KABUL, Afghanistan (AP) — A U.N. vehicle was shot up at a busy traffic circle in Afghanistan's capital Tuesday, and at least one person was wounded, witnesses said.
The windows were shattered on the white pickup truck, with a blue U.N. logo painted on the side, and blood was spattered inside. The attack came at a time of heavy traffic around Massoud circle, an intersection near the U.S. Embassy and an American military base.
Two people were in the vehicle, but only the driver was hit, said a man who saw the shooting. He only gave one name, Mirajudin.
Mirajudin said he and the passenger of the U.N. vehicle helped pull the driver out.
"I saw that the driver was shot in his eye," said Mirajudin, who still had blood smeared on his arms. "He was bleeding from the eye and from the nose. I helped him and we put him in an ambulance."
Kieran Dwyer, director of communications for the U.N. Assistance Mission in Afghanistan, confirmed the shooting, but he did not know the condition of the driver. "Our U.N. security team is on the ground working with Afghan police," he said.
In southeastern Kabul, a protest against NATO forces in Afghanistan turned violent as demonstrators clashed with police. At least 15 police officers and five civilians were wounded, according to Mohammad Khalil Dastyar, deputy police chief in the capital.
About 300 protesters blocked streets in the neighborhood of Qalacha. Some threw rocks through windows. A small group hoisted a banner that said: "We don't want American occupiers."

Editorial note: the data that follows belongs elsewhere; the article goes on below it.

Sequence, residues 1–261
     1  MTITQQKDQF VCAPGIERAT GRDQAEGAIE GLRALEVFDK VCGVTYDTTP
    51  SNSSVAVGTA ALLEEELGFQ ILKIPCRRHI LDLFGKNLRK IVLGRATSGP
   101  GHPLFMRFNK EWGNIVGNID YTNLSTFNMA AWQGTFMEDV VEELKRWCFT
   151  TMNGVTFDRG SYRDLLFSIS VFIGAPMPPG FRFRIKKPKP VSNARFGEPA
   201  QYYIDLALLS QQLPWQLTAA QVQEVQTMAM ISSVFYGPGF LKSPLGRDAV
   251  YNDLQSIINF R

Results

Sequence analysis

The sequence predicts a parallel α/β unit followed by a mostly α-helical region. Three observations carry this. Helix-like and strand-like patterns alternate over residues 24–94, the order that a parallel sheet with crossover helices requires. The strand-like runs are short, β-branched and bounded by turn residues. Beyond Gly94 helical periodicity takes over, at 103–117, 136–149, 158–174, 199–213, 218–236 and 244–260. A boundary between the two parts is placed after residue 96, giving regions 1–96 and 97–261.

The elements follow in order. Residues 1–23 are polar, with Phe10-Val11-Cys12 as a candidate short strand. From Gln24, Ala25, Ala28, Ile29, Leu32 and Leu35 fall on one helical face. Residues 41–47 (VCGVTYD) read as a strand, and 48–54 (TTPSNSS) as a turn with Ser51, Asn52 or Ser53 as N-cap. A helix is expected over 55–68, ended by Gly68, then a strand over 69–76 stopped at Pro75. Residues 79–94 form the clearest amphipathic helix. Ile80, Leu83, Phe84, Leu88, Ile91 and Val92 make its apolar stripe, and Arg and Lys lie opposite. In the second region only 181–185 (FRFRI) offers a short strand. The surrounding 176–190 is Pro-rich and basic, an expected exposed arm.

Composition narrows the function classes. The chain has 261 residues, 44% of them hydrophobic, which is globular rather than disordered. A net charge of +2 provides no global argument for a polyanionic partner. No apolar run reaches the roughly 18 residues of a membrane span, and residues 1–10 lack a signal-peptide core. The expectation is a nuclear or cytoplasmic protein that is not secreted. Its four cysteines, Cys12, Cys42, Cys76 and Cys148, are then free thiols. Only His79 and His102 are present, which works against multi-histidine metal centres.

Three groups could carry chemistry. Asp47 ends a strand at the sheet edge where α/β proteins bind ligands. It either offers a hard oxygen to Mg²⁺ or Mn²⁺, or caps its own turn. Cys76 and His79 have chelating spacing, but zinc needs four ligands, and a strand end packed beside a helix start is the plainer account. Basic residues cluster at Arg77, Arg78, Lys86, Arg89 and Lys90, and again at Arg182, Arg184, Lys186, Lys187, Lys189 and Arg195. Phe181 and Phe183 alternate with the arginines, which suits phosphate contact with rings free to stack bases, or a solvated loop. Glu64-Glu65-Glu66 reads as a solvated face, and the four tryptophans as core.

An AP reporter at the scene heard gunshots, but it was unclear who was shooting. A police official said some of the protesters were shooting Kalashnikov rifles. Two police vehicles were damaged. Police were seen arresting six suspects.
The protest was prompted by a raid that Afghan police and intelligence officials conducted Monday night at a madrassa, or religious school, in which three people were arrested, Dastyar said. One demonstrator said they were angry because foreign troops with the Afghan forces had had torn up copies of the Quran and let a dog — considered unclean in Islam — rummage through a mosque.
However, Akthar Mohammad Noorzoi, chief of police in the district where the raid occurred, said that while foreign forces surrounded the area, Afghan officials actually conducted the raid.
A NATO spokesman, Lt. Comm. Iain Baxter, confirmed that NATO forces took part in a search in Kabul last night and arrested a number of suspected insurgents. Another NATO spokesman, Lt. Col. Todd Vician, said no dogs were used in any coalition operation in Kabul on Monday night.